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Prominent figures hold protest march in Berlin against Gezi trial convictions

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Prominent journalists, human rights activists and artists came together in the German capital of Berlin on Wednesday to hold a march in protest of the convictions of businessman and rights defender Osman Kavala and seven others in a controversial trial in Turkey, Deutsche Welle’s Turkish edition has reported.

The protest was attended by exiled Turkish journalist Can Dündar, Turkish-German journalist Deniz Yücel, writer and journalist Aslı Erdoğan, artist Zehra Doğan and human rights activist Peter Steudner, all of whom were jailed in Turkey in the past few years for their work, in addition to executive director of Reporters Without Borders (RSF) Germany Christian Mihr and Amnesty International’s Germany representative Markus Beeko.

An İstanbul court on April 25 sentenced Kavala, who had been behind bars without a conviction for over four years, to aggravated life on charges of “attempting to topple the government,” while sentencing seven other defendants to 18 years each on charges of aiding the attempt due to their alleged role in the anti-government Gezi Park protests in 2013.

The protestors, holding photos of the Gezi Park trial defendants, marched past the Federal Chancellory building, the German Parliament, the Representation of the European Commission in Germany and the Turkish Embassy.

A replica of a prison cell from İstanbul’s notorious Silivri Prison, where most political prisoners are held, was loaded on a truck that accompanied the protestors during their march.

Writer Erdoğan, who took part in the protest in handcuffs, said Kavala was given a life sentence just because of his efforts to protect the trees in Gezi Park.

“There are currently tens of thousands of people in Turkey’s prisons now who were given jail sentences based on nonsense charges. And the prison conditions in Turkey remind one of the conditions during the Sept. 12 [1980 military coup]. I will carry these handcuffs until all the political prisoners, not only in Turkey but also around the world, are free,” said Erdoğan.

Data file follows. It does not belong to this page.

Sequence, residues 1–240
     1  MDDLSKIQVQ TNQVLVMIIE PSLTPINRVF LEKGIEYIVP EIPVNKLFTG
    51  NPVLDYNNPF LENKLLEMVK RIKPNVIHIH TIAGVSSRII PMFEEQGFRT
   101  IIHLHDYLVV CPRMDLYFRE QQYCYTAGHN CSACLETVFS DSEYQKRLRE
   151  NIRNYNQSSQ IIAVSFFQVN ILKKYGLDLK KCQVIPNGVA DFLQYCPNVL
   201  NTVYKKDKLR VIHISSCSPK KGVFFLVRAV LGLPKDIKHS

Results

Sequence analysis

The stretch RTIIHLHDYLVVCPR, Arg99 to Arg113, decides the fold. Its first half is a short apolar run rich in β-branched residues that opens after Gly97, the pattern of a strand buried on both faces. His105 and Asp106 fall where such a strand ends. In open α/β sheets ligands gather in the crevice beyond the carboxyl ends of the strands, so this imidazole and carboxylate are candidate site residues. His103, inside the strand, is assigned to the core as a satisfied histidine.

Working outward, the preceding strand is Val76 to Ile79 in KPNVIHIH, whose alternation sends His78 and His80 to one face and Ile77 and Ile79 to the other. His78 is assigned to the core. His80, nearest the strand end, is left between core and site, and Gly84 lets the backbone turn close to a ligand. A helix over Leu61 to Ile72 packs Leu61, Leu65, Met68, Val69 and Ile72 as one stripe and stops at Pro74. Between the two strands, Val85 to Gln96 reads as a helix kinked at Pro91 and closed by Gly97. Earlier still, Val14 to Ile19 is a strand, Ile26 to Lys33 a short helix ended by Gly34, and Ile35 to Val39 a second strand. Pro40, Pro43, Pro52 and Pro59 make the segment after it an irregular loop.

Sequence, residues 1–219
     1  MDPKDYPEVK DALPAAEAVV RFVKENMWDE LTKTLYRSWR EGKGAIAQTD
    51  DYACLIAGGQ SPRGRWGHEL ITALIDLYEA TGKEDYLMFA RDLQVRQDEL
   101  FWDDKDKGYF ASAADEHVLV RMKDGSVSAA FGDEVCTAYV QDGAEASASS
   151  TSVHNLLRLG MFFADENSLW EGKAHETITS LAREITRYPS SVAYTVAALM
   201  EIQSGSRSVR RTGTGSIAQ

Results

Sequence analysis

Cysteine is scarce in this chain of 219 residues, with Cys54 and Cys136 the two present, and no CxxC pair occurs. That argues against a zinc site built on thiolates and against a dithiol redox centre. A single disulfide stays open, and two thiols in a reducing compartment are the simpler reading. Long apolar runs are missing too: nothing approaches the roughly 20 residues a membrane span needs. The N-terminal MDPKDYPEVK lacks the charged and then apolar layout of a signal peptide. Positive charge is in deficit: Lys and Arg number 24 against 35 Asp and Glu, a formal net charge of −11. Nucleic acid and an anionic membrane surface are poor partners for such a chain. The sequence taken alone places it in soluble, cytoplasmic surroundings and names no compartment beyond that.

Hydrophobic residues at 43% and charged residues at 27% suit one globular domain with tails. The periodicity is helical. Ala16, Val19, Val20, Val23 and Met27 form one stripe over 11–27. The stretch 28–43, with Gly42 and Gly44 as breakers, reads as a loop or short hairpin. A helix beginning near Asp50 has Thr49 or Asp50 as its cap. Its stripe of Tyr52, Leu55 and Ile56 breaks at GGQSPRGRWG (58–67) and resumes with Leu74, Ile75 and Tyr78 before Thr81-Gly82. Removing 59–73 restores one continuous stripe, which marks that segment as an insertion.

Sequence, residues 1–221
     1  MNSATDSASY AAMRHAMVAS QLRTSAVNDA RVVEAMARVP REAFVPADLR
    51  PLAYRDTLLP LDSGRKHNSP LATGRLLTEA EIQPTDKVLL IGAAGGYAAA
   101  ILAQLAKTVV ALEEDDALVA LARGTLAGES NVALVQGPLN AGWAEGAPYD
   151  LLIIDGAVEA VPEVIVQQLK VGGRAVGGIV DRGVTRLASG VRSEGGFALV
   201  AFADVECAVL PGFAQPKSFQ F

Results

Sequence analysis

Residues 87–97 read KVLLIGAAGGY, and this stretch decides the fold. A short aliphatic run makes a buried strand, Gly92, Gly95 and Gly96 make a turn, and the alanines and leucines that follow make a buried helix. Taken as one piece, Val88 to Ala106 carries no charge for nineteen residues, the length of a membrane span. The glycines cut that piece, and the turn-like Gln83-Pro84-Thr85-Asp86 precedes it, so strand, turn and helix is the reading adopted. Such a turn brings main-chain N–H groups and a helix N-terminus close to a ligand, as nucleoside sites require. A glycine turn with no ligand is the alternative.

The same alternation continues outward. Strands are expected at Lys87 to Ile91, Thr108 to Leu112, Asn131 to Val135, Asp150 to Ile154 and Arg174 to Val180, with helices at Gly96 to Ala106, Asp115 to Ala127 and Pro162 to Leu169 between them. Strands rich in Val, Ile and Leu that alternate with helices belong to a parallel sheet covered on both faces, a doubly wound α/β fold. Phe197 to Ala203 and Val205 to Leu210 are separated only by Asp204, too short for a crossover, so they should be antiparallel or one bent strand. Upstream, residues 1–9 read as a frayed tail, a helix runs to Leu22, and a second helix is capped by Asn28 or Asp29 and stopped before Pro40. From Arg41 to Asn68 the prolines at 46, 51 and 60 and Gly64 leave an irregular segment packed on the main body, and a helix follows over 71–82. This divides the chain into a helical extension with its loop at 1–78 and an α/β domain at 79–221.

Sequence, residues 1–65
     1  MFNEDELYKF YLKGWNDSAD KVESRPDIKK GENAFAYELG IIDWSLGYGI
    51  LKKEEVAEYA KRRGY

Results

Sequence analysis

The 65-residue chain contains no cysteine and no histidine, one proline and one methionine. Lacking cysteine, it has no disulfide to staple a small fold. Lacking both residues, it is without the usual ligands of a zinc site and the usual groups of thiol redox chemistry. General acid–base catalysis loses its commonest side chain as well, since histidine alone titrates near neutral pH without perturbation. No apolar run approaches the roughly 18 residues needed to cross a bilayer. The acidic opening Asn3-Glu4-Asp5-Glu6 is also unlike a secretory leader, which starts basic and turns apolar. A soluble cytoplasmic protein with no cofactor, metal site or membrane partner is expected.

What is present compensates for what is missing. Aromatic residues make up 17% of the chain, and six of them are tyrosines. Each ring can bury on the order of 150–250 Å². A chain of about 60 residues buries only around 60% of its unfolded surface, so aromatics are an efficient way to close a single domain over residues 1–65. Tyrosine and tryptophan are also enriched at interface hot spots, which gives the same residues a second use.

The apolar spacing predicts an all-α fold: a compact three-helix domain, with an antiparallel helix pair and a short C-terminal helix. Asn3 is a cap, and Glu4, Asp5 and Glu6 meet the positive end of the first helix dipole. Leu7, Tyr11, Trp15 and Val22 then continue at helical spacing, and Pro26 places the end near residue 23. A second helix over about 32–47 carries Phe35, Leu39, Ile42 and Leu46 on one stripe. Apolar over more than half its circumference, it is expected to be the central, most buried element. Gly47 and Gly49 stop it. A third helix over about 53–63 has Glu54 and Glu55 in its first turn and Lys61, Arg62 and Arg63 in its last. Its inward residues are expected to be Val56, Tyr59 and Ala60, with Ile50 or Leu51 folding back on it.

Journalist Dündar said the Turkish court has not only punished the eight defendants in the trial but millions of others who took part in the protest with a desire for a democratic Turkey.

The Gezi Park demonstrations, which took place in the summer of 2013 in reaction to the Justice and Development Party (AKP) government’s attempt to destroy one of the few green spaces left in İstanbul, quickly turned into a nationwide protest against the authoritarian policies of then-prime minister and current president Erdoğan.

Eleven protestors died and thousands more were injured as they were brutally suppressed by the police on Erdoğan’s instructions.

Yücel called on the German government to take the necessary lesson from its “flawed” policy towards Russia, which has been waging a war on Ukraine since Feb. 24, and not to be a “collaborator” in crimes committed by autocrats.

RSF’s Mihr called on the German government to take more action for the maintenance of freedom of the press in Turkey and to pursue a foreign policy based on values, while Amnesty’s Beeko said the “dramatic, nonsense and arbitrary” court decisions targeting Kavala and other civil society leaders should be taken as an alarm that will wake up the German government and the European Union about the course of developments in Turkey.

A leading figure in Turkey’s civil society, 64-year-old Kavala was born in Paris, educated in the UK and ran a cultural center before being thrust to prominence. He was accused of financing protests against then-prime minister Erdoğan’s government during large-scale protests in 2013 and involvement in a failed military coup in 2016. The latest ruling only covered the case stemming from the 2013 unrest.

Kavala’s plight had soured relations between Ankara and Western nations, and a diplomatic crisis was triggered last year when Turkey threatened to expel 10 Western ambassadors, including the US envoy, after they demanded Kavala’s release.

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